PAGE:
Brexit and dispute clauses in commercial and cross-border contracts
November 2017 | SPECIAL REPORT: PREPARING FOR BREXIT
Financier Worldwide Magazine
November 2017 Issue
Under EU law (Regulation (EU) 1215/2012, known as Brussels Recast), the position is that the courts should recognise the parties’ election of a specific jurisdiction. If there is no election, then generally the country in which the opposing party is based should deal with the dispute. Brussels Recast also provides for the cross-border recognition of judgments from the courts of Member States within the EU.
Brussels Recast has been seen as a significant improvement on the prior regime for determining jurisdiction. Without it, parties had to contend with the cumbersome ‘court first seised’ rule, where the second court to issue had to stay its proceedings until the court first seised had determined whether it had jurisdiction. The rule led to parties racing to issue proceedings in whichever courts had the best tactical advantage for them, often involving would-be defendants artificially issuing claims for negative declarations of liability, parallel proceedings, and additional costs and delay.
Whatever is decided in relation to the composition of UK law following Brexit, it is likely that the courts of England and Wales will continue to respect valid provisions in contracts which confer jurisdiction on them by agreement. Other EU Member States will decide how such clauses will be treated, which could give rise to uncertainty, depending on how jurisdiction clauses are viewed by the courts of different EU Member States. In terms of tactics, there may also be a resurgence in the anti-suit injunction post Brexit, as parties seek to prevent their opponents from pursuing proceedings in breach of any jurisdiction clause.
In any event, while in some cases the courts of a counterparty domiciled in another Member State may be reluctant to cede jurisdiction to the courts of England and Wales even if that is what the parties have agreed, it is generally felt that a similar regime to Brussels Recast will be adopted post Brexit. Internationally, there is unlikely to be any significant change in attitude to choice of jurisdiction clauses.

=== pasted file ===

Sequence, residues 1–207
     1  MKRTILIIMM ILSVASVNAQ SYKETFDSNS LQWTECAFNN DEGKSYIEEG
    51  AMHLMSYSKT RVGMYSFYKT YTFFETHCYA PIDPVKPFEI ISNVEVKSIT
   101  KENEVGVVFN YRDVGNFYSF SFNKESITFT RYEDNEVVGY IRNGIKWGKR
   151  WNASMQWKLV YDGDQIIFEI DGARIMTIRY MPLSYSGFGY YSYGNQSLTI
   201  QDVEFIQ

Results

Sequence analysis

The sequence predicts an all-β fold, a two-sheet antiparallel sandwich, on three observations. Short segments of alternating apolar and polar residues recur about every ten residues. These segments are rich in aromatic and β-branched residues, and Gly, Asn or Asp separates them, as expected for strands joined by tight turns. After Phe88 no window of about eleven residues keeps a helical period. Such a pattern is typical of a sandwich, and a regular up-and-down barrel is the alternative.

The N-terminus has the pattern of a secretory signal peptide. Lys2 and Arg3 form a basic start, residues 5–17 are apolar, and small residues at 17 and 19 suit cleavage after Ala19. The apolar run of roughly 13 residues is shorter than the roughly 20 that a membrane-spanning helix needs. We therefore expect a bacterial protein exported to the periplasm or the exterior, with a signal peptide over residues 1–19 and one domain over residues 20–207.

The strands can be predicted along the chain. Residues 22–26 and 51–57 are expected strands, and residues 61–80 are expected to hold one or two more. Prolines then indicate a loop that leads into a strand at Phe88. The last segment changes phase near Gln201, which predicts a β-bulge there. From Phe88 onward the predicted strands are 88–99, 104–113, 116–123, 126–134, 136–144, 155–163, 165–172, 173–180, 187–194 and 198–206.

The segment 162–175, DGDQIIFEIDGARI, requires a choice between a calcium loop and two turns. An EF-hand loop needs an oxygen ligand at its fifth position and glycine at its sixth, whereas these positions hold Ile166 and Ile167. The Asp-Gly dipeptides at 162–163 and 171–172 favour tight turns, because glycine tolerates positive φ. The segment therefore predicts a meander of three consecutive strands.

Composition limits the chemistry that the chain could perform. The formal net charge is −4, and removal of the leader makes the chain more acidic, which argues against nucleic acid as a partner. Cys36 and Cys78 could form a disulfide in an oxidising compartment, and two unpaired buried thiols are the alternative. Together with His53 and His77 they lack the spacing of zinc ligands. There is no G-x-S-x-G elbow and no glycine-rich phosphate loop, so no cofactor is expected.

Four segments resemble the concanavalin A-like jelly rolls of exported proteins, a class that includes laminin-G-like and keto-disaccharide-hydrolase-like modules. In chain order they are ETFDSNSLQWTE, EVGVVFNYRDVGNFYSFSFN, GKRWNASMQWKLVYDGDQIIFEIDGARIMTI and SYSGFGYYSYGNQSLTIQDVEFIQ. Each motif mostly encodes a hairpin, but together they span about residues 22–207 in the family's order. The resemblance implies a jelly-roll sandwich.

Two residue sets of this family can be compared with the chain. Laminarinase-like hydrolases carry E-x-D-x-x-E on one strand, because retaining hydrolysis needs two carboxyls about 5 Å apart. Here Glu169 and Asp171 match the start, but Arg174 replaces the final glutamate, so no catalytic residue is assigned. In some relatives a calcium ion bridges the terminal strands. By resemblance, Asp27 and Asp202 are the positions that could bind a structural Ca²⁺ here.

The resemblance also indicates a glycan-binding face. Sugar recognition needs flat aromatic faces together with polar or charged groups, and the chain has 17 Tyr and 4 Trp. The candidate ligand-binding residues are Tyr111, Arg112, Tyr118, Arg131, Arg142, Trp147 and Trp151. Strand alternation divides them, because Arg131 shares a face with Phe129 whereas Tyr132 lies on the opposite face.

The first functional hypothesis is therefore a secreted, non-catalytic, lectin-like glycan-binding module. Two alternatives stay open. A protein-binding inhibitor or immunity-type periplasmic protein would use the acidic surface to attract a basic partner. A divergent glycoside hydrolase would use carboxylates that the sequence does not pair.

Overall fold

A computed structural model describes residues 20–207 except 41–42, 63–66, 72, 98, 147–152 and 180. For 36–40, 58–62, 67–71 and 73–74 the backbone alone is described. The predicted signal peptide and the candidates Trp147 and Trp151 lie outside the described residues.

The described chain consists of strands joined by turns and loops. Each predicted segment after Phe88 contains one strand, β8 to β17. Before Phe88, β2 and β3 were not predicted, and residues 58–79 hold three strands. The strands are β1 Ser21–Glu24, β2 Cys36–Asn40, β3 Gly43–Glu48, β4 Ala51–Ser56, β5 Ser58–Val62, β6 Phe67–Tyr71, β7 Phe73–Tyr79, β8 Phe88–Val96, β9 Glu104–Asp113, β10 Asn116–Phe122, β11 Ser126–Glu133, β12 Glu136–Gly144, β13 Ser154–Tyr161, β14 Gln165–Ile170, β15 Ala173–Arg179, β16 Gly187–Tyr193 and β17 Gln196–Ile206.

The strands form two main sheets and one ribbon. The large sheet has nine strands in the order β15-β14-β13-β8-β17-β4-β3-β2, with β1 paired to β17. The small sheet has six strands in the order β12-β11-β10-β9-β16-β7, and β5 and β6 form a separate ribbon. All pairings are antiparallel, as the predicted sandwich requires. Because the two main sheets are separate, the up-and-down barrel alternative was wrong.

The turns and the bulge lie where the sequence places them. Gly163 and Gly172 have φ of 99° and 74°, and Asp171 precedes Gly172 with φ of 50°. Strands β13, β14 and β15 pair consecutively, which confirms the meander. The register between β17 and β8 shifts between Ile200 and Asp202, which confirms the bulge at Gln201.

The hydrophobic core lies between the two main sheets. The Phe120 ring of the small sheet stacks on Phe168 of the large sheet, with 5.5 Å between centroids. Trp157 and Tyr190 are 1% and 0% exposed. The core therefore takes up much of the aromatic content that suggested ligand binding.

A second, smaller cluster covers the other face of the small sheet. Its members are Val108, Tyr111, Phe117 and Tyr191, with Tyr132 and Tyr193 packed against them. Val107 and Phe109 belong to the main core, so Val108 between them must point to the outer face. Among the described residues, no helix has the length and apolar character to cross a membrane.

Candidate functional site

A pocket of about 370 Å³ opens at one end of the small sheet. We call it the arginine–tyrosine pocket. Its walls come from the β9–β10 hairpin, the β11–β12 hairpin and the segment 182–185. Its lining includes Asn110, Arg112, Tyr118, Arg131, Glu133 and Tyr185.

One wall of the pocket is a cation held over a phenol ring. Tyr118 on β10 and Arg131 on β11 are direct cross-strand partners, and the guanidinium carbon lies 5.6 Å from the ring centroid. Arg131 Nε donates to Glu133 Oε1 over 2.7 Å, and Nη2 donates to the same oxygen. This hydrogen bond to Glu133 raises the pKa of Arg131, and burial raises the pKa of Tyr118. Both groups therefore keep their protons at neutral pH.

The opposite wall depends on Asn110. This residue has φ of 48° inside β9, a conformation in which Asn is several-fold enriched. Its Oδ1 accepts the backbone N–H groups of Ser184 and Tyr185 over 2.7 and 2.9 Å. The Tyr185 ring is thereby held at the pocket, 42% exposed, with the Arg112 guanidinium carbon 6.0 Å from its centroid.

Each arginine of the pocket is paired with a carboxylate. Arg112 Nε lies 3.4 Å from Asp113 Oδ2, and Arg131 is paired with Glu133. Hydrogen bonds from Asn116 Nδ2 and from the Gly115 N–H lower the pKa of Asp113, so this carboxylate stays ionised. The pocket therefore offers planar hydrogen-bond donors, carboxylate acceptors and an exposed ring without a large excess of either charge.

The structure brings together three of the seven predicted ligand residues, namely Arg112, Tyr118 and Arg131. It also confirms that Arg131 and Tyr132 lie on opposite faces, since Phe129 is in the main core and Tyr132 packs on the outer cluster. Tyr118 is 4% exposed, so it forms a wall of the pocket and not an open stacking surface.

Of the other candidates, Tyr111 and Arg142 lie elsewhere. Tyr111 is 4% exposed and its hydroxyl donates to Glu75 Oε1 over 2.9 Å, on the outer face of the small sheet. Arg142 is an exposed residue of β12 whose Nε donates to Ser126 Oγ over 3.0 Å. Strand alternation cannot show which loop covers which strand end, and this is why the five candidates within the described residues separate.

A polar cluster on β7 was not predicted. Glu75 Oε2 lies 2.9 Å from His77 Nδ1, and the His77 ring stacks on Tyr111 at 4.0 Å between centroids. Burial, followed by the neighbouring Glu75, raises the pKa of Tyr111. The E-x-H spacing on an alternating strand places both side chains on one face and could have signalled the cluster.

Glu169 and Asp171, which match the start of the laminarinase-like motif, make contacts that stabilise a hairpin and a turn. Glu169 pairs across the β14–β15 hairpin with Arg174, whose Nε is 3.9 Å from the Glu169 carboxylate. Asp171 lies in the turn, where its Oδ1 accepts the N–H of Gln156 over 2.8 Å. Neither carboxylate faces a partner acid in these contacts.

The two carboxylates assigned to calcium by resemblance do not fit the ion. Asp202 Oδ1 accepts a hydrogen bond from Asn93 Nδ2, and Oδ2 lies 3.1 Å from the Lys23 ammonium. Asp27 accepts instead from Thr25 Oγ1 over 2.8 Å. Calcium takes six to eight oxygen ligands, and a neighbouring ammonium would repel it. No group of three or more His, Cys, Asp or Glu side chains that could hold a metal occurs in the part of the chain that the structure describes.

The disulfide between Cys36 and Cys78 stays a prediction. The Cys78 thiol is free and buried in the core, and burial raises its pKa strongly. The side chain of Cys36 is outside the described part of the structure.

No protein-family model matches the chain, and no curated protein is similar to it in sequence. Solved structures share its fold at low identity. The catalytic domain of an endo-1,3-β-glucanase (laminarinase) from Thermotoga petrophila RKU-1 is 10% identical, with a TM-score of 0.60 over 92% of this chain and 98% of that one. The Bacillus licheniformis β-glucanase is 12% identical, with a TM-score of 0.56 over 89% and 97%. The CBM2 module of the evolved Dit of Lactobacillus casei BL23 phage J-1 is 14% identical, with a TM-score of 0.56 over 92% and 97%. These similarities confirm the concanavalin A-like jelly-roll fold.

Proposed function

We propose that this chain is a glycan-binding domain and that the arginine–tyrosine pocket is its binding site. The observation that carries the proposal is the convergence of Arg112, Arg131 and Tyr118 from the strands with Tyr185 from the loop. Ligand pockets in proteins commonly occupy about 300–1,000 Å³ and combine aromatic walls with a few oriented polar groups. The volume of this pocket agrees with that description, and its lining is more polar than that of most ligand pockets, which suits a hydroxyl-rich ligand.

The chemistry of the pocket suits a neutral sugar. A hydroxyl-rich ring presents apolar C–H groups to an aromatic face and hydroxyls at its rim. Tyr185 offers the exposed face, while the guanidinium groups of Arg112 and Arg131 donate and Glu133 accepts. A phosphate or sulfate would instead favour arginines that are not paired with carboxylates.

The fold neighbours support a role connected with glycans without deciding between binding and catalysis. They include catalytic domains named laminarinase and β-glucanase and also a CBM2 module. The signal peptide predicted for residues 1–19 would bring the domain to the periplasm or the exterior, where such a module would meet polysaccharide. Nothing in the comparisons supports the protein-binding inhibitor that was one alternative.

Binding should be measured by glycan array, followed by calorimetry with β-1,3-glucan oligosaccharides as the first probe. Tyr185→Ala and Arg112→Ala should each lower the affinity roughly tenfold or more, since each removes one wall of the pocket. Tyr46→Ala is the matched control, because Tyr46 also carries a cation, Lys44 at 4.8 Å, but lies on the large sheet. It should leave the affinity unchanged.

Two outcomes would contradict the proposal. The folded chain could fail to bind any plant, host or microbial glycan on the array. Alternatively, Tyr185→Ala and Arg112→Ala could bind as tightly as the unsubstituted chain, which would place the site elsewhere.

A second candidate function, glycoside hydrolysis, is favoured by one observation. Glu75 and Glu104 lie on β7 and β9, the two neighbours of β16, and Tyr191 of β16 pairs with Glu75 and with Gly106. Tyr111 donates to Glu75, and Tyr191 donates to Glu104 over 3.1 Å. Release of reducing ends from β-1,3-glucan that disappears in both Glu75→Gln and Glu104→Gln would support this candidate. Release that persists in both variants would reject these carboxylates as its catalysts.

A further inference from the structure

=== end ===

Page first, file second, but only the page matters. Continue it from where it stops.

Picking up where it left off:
Will a clause electing the law of England and Wales become uncertain following Brexit?
A key question is, how should an English law governing clause be interpreted post Brexit? Having chosen English law as the governing law under the contract, will the composition of English law change, such that the law envisaged on entering into the contract will in fact be quite different once the UK has left the EU? ‘English law’ or ‘the law of England and Wales’ may mean either the law of England and Wales as it was at the time the contract was entered into, or as it is from time to time. Even if it means the latter, what would be the case where the contract centred on an area heavily influenced by EU law (such as environmental protection, data protection or similar)?
In addition, if there is a compliance with law clause within the contract (these often form part of the ‘boilerplate’ and may not always have been specifically negotiated between the parties), to what law does the clause relate, and if it is EU law, will that remain reasonable and practicable when the UK is no longer part of the EU? Similar complications may arise where certain types of contract (for example, distributorship agreements, licence agreements and the like) may have been drafted with an eye to the EU regulatory framework.
If, post Brexit, the law becomes significantly different from the ‘English law’ in place at the time the contract was entered into, this could arguably have an impact on the enforceability of governing law clauses, compliance with law clauses and potentially regulatory protections, contractual mechanisms and remedies. This could all lead to uncertainty and dispute between the parties.